It’s time we stop pretending. Oh, I know it’s easier to sleep when we think that we’re safe and sound. We try to use only “trusted” apps and services. We choose who gets to keep our photos, our files, and our tax returns. We see the lock icon that indicates HTTPS, and we think we can buy shoes safely.
But each of the services we choose, and labor over, and discuss, and investigate — they are all only as strong as the dumb password we put in front of them. Let’s just assume every password has been compromised. No account is safe. Given the high-profile breaches we’ve seen in the last couple years, that’s likely more true than we’d like to think.
So what’s next? What do we do now? Spoiler alert: We don’t rely on being smart or clever. Smart and clever don’t matter when attackers play upon our sense of trust. That makes us really vulnerable.
Another week, another breach
Last week, we all heard about the teenager who hacked the email of the Director of the CIA. If you are like me, you were… conflicted.
Now, clearly I am disgusted. This kid is a menace, right? And how can we rest easy knowing how easily we can all be hacked? How can we be so foolish? America is the home of the brave! Yet we are vulnerable to teenage hackers? ON OUR OWN SOIL? Let’s have a march!!
But also… I am a little proud. I know! Yuck! Proud?! It feels terrible to admit, but I am almost proud of the kid who did it. You know why? Because this kid made me totally disgusted! I don’t know what his intention was, but I do know one result: we are up in arms about security. He showed us that we can’t sit idly by and continue to think we have this all figured out. He showed is that we need to take action!
Let me see if I can explain.
Social engineering: new dog, old tricks
In this latest breach, a kid posed as a Verizon employee. He then called a legitimate Verizon employee, and tricked the employee into releasing sensitive customer data to him. The kid pretended to be an AOL customer (who just happened to also be the director of the CIA). He called AOL, pretended to be locked out of his account, used the compromised info to prove his identity, reset the password, and BOOM. He’s “hacked” into the private email of the Director of the CIA.
That’s con-artistry at its simplest, and it’s as old as humanity itself. The ability to prey upon people by disguising yourself as “someone trusted” is something we are all aware of. Heck, if memory serves, “wear a wig and fool everyone” was the central plot point of more than half of all sitcoms from 1978-1996. Or close to it.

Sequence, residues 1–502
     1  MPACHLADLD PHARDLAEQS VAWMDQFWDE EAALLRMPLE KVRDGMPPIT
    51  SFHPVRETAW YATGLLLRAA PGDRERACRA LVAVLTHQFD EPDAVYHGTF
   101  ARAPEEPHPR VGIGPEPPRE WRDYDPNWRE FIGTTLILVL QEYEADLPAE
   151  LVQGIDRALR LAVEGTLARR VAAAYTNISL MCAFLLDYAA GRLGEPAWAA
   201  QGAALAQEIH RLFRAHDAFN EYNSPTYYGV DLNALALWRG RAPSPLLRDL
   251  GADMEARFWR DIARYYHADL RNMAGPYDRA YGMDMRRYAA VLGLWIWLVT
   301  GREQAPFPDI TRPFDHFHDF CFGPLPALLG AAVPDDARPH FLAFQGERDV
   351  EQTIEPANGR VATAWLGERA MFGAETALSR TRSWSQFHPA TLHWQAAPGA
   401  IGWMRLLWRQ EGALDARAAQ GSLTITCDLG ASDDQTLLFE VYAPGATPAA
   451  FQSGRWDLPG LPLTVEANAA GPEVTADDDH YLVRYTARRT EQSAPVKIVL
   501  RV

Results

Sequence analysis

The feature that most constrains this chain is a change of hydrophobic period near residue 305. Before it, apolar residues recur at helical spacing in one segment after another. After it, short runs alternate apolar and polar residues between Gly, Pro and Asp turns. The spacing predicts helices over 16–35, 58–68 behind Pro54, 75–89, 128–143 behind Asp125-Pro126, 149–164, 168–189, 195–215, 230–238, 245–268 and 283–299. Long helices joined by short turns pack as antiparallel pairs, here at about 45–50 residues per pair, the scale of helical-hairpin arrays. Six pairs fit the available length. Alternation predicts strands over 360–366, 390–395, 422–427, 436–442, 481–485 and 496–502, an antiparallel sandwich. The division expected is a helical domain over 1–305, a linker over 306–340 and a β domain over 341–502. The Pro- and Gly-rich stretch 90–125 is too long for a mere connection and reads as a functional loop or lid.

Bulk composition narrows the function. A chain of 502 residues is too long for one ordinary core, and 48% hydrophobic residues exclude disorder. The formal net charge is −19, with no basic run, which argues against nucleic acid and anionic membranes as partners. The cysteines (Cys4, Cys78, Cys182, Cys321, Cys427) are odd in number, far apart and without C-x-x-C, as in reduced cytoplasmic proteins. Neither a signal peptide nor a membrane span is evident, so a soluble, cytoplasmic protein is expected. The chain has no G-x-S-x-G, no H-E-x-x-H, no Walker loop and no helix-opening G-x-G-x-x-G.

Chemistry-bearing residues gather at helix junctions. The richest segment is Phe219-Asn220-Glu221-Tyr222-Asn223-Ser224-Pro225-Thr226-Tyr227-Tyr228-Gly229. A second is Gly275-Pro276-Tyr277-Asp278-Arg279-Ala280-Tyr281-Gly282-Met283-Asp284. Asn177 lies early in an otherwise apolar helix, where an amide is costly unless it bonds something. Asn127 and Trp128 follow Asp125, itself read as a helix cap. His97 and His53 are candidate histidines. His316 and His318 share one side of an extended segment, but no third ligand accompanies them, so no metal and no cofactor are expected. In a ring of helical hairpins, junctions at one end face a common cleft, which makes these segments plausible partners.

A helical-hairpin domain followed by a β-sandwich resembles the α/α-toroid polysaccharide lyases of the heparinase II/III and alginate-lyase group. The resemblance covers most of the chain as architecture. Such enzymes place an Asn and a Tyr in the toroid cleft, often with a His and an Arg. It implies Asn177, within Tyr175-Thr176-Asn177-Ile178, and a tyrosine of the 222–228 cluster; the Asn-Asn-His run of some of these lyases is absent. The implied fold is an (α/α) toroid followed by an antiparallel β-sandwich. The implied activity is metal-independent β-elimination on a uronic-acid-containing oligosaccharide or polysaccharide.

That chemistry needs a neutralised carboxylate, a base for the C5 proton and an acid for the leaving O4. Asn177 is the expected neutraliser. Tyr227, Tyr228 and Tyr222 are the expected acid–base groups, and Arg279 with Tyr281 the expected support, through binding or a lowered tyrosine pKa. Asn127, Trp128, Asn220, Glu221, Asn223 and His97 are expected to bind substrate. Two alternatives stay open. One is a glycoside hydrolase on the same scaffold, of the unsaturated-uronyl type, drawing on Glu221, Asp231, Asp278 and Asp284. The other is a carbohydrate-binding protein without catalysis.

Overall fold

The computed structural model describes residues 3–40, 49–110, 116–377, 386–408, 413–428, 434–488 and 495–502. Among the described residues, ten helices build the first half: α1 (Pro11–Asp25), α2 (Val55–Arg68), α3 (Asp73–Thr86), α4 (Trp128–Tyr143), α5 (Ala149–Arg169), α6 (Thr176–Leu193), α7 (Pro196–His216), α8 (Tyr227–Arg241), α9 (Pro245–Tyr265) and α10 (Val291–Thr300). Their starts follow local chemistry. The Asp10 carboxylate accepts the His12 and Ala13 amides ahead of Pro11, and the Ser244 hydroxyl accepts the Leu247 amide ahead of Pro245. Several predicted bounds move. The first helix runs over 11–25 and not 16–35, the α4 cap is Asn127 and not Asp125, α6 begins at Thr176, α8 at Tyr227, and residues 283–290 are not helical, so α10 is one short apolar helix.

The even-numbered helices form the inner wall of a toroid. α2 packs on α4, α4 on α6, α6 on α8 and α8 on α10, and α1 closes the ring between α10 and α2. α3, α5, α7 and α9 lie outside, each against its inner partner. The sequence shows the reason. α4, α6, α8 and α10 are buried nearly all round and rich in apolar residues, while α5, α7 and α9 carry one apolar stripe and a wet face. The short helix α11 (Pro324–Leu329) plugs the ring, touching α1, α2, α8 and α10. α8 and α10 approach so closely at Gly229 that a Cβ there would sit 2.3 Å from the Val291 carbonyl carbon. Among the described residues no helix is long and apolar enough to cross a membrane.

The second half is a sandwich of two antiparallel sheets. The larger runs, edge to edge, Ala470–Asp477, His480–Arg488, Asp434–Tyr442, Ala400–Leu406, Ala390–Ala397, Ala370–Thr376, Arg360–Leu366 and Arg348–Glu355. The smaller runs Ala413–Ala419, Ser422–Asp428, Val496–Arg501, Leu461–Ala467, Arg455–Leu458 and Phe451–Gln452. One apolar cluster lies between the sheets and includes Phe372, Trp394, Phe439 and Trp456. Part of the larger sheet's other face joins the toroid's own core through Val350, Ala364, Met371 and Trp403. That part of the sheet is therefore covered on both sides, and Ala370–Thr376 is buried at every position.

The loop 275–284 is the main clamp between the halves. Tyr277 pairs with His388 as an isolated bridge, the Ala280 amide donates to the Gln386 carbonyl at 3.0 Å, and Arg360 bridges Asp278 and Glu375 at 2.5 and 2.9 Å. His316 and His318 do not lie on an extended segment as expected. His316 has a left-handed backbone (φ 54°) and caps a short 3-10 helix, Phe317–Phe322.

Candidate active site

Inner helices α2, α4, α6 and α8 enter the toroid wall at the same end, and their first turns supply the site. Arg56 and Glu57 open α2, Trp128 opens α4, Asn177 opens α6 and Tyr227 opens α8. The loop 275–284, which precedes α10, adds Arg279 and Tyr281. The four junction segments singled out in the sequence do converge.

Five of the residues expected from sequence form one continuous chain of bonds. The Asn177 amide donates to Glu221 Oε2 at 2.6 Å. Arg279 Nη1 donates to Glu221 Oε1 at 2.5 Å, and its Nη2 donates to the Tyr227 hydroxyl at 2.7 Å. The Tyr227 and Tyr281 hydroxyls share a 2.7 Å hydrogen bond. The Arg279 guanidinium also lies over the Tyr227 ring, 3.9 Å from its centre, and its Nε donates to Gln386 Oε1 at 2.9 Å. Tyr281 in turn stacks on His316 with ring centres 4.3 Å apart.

Today we live in an age of cheap exploit kits, Advanced Persistent Threats, pass-the-hash, and countless other technological ways of breaking through the network security perimeter. But smart attackers, like our teenage friend here, know that it’s easier to just trick humans into giving away privileged information. Brute force a password? Nah. Takes too much compute horsepower, and can be traced unless you’re careful. But a make a couple quick phone calls from a grocery store phone? Easy!
Compromised passwords don’t have to matter
The kid here took a couple of steps, and made them work for him:
- Trick Verizon
- Trick AOL
- Breach email account
But at the core of his plan were two key things: prey upon human trust, and change a single password.
The kid knew that all that stood between him and the private email of the Director of the CIA was a single password. So he figured out a way to reset that password, and he was in. All too easy.
If that password was coupled with multi-factor authentication, would the teenage scheme have worked? Not as easily that’s for sure. He’d have needed more than just a password. He’d need the right additional form of authentication. That’s not something you can call and trick someone out of. It might not be perfect, but it sure does make this attack way, way harder to pull off.
Attackers aren’t stupid. We can’t afford to be either. Remember when I said we were as dumb as ever? Well, we are. We can’t remember crazy complex passwords. We can’t tell if we’re talking to a Verizon support rep, or an angry eighth-grader with too much rage and too little supervision. We just aren’t calibrated, as animals, to suss these kinds of things out.
So, again, let’s stop pretending. Let’s just imagine all passwords are stolen. Let’s then realize that passwords are dumb ways to protect our online selves. Let’s eliminate passwords with SAML. Let’s put MFA in front of everything, so that when a password is stolen, it doesn’t get the attacker easy access to our stuff.
Let’s learn the lessons these people are teaching, and use some new tools to these stop old threats. Because soon, we won’t have to imagine that all passwords have been stolen. They really will have been.